The work of WP2 includes the development and investigation of a suitable prelithiation process for lithium-ion batteries. For this purpose, different approaches are available, which imply different types of processes. The Institute for Machine Tools and Industrial Management, as one of the largest and leading institutes of production engineering in Germany, has extensive expertise in the field of process development and optimization. The iwb wants to bring this expertise into the project as a WP leader in order to enable a process-technical implementation of a suitable prelithiation method on laboratory and pilot scale and thus lay the basis for an industrial implementation.

What do you take out from this WP?
From this WP, the iwb takes knowledge and experience in the field of prelithiation. These provide the basis for further research and related projects. Through this, a new understanding of the process is also being built up at the iwb, about a process that is still relatively young and may be of great relevance in the future. Personally, these findings help me in my doctoral project and for my research. The prelithiation research provides deep insights into cell chemistry and the processes within a lithium-ion battery, which might have been less in focus before. Besides, working in an international research environment offers many opportunities to gain experience in battery research and international contacts. Working in such a large and multidisciplinary team is exciting and very educating. Thus, the work in the work package does not only result in technical knowledge in the field of new processes within the production of lithium-ion batteries, but also the management of international projects or working groups.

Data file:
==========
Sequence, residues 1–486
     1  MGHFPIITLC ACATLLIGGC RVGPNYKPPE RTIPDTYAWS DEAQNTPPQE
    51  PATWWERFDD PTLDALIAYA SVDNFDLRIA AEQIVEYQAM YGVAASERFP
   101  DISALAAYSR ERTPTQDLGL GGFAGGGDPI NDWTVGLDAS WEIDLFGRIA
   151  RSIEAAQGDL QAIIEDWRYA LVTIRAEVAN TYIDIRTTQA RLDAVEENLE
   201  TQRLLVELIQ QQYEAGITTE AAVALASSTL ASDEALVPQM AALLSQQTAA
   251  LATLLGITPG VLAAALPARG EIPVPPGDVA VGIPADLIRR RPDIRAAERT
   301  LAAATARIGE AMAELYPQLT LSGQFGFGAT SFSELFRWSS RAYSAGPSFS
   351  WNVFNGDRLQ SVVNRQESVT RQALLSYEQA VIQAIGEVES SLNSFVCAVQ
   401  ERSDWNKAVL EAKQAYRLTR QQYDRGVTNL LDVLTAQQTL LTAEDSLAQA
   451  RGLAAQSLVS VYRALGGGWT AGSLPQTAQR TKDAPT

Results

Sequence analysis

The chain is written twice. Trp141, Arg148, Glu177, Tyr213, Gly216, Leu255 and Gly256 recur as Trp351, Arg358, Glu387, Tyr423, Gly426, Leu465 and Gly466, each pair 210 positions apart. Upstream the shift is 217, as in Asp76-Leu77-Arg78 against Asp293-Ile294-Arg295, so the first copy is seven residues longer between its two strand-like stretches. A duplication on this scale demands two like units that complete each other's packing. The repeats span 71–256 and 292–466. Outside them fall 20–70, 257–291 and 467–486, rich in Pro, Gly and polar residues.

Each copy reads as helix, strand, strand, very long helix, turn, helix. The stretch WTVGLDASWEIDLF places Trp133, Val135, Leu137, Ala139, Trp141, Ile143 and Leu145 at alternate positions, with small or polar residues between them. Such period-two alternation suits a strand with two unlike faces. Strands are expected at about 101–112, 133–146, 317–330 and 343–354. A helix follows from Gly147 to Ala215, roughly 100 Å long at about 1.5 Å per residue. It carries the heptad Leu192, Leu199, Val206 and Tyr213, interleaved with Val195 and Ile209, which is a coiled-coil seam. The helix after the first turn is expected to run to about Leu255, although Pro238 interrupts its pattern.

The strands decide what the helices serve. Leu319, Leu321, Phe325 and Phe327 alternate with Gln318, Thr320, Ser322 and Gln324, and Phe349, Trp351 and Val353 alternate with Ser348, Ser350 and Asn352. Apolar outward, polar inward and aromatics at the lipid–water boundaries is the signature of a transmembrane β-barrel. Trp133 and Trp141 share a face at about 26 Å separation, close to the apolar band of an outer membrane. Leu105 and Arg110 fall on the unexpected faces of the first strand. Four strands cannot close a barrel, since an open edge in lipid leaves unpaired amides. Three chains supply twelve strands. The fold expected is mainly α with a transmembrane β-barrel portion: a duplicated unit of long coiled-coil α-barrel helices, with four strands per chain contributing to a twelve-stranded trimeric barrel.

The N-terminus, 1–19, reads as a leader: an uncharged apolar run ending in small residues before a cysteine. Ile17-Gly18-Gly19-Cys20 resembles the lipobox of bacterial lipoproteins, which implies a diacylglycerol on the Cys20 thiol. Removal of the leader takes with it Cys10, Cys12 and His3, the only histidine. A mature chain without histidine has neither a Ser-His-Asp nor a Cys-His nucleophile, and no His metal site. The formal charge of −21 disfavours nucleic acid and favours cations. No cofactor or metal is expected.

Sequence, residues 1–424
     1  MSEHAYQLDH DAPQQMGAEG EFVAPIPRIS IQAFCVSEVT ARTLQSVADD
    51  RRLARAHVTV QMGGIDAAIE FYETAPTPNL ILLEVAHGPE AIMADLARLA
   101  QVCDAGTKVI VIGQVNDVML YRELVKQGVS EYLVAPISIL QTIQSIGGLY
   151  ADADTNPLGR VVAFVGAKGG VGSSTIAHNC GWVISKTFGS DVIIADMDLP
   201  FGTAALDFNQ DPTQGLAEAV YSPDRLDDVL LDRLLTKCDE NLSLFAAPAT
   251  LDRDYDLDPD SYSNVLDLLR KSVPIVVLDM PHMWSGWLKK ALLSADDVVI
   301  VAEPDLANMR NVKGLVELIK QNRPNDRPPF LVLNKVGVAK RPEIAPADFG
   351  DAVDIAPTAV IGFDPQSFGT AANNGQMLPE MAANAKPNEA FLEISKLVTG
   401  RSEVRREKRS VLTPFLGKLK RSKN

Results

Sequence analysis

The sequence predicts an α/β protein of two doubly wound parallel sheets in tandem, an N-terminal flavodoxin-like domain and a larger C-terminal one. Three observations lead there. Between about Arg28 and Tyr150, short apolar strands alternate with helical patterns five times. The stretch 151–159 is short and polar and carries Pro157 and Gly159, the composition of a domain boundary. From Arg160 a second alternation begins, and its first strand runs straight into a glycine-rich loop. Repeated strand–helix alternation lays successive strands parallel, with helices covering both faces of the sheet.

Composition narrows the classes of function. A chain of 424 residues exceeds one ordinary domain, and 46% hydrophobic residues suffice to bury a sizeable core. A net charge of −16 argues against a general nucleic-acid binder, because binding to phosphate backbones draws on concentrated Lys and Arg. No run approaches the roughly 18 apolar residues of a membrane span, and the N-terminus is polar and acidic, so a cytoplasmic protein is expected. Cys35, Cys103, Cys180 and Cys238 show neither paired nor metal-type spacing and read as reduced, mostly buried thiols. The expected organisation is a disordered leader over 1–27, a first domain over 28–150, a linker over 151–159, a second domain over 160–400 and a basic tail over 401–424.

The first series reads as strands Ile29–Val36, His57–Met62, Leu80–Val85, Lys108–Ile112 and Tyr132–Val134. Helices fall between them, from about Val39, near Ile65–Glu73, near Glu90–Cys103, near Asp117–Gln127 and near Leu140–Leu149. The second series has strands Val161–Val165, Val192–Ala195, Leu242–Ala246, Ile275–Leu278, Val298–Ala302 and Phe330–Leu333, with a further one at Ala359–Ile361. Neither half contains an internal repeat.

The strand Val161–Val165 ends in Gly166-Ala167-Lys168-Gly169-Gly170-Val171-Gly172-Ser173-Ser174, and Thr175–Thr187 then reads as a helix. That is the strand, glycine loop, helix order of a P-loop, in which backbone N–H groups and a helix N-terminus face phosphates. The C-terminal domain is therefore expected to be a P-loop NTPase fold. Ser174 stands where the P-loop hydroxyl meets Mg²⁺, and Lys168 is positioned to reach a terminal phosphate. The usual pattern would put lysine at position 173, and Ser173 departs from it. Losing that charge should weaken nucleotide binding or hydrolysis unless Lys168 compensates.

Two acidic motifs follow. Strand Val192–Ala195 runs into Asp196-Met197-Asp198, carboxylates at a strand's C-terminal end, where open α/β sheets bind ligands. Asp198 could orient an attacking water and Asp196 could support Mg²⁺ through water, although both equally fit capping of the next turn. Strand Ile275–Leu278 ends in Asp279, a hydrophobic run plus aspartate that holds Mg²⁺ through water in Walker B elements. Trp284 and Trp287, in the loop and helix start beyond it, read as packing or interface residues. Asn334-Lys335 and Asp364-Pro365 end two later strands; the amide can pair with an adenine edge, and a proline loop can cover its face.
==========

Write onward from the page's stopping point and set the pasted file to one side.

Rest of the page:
What are your expectations from the SPIDER project?
Mainly the above-described insight into new processes within lithium-ion battery production and a deeper understanding of the processes in a LIB. Besides, I hope that the research and the results of the SPIDER project will contribute to advancing battery technology and making LIB and its production more cost-efficient and environmentally friendly. Not only improved cell performance but also more cost-efficient, safer, and environmentally friendly processes and products are necessary for improved market penetration of electric vehicles. SPIDER will make its contribution to this at a European level and possibly beyond.

Data Management Plan